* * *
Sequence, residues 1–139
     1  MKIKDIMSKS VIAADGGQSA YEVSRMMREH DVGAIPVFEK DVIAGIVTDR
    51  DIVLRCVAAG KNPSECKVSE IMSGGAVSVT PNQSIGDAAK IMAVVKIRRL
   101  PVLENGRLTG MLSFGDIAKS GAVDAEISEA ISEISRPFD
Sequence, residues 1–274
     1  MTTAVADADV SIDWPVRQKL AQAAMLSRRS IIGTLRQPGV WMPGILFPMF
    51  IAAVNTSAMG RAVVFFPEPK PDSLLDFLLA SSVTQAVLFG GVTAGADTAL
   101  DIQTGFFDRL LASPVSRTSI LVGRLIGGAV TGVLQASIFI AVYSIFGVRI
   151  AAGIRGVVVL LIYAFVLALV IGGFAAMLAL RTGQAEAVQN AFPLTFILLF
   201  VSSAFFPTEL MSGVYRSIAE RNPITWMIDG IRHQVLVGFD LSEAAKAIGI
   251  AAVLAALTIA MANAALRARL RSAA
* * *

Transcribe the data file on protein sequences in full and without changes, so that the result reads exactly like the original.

Sequence, residues 1–139
     1  MKIKDIMSKS VIAADGGQSA YEVSRMMREH DVGAIPVFEK DVIAGIVTDR
    51  DIVLRCVAAG KNPSECKVSE IMSGGAVSVT PNQSIGDAAK IMAVVKIRRL
   101  PVLENGRLTG MLSFGDIAKS GAVDAEISEA ISEISRPFD
Sequence, residues 1–274
     1  MTTAVADADV SIDWPVRQKL AQAAMLSRRS IIGTLRQPGV WMPGILFPMF
    51  IAAVNTSAMG RAVVFFPEPK PDSLLDFLLA SSVTQAVLFG GVTAGADTAL
   101  DIQTGFFDRL LASPVSRTSI LVGRLIGGAV TGVLQASIFI AVYSIFGVRI
   151  AAGIRGVVVL LIYAFVLALV IGGFAAMLAL RTGQAEAVQN AFPLTFILLF
   201  VSSAFFPTEL MSGVYRSIAE RNPITWMIDG IRHQVLVGFD LSEAAKAIGI
   251  AAVLAALTIA MANAALRARL RSAA